Pirogue (native canoe) racing and training in Ua Pou were very much a part of daily life. After 4 p.m., five-man pirogues paddled quickly past the anchored boats, circling the wide bay up to 10 times without stopping. This past March, Hakahau hosted a week of inter-island sport competition and more than 1,000 people came to participate and observe sports events such as soccer, volleyball, and of course, pirogue racing. Sitting aboard Imani provided a perfect vantage to observe the fierceness of the competition.

"The music and setting transported us to a different way of life, as we paused to take it all in—yes, we found unexpectedness around every twist and turn."
Exploring the western side of Ua Pou brought us to the little village of Hakamaii. Imani anchored in 40 feet of water above a considerably rocky bottom. Before us, poised on the seafront of the village, stood a beautiful church with its azure and red stained glass windows. The shore featured pounding waves that encouraged thrilled squeals from the frolicking children swimming and playing in the surf. A dinghy landing appeared impossible under these conditions, so our gracious captain Marc offered to ferry our crew Anne, visiting friend Dani, my six-year-old son Tristan, and me, to shore.

The transfer to land proved to be quite tricky but doable, and we scampered out of the dinghy onto the large boulders of the shoreline. Waving good-bye to Marc in the dink, we found we were just a bit wet. On shore, we immediately met the kids who came out of the surf and hosed off, eager to show us their village. The children were inquisitive, though proud of their place on this earth. I noticed a handwritten sign just off the beach that reminded all that this place is for "Our Children" and that "We Must Keep It Clean for Them."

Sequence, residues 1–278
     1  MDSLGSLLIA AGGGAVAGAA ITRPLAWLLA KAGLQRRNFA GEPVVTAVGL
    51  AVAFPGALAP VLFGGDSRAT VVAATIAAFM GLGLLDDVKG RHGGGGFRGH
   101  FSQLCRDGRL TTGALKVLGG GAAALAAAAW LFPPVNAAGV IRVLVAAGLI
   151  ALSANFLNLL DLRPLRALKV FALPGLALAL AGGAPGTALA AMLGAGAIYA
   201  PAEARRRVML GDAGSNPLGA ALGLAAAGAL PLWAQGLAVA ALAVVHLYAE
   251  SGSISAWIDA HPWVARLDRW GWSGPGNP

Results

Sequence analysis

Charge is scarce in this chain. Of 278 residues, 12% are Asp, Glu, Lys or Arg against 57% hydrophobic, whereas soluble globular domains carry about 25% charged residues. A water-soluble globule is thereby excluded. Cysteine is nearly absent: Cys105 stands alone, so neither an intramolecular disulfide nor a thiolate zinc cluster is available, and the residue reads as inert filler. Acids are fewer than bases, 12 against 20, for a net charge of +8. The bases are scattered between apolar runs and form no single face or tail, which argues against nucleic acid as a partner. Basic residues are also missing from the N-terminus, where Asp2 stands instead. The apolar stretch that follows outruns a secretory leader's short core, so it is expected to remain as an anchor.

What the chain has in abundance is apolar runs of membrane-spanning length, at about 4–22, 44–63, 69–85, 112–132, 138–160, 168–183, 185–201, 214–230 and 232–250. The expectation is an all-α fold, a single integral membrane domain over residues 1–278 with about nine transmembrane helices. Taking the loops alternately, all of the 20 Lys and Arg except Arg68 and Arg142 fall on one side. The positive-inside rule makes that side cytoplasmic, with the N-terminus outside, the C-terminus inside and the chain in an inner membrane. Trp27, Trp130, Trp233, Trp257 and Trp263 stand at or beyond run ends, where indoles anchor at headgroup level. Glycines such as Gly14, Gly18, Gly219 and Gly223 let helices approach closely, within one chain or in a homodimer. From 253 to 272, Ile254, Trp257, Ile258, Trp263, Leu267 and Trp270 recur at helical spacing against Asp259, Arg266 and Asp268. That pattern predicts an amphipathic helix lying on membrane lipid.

These children are evidently taught pride by wonderful example, for we found Kakamaii was the most beautiful village we have seen in these wild and unusual Marquesas islands. The stones covering the beach are everywhere in this village, incorporated into walkways, stone walls, and even inlaid into the floors and walls of the large airy church. The river that bisects the village is large and clear, offering swimming holes to the hot and sweaty. And the flowers, hibiscus and Tahiti Tiare, filled the air with their incredible scent.

On the outing, Tristan and I met a Marquesean man who offered us a ride on his gentle horse. We continued our tour of the village on horseback, until we were about to cross a very narrow elevated walkway. I chickened-out and we made contact with the ground again, offering a succession of "mercis." The gentleman waved good-bye and continued on his way home.

At 5 p.m. the air filled with the sound of beautiful voices, rising and falling together as we passed a home where a group of Protestants was beginning its end-of-day worship. The music and setting transported us to a different way of life, as we paused to take it all in—yes, we found unexpectedness around every twist and turn.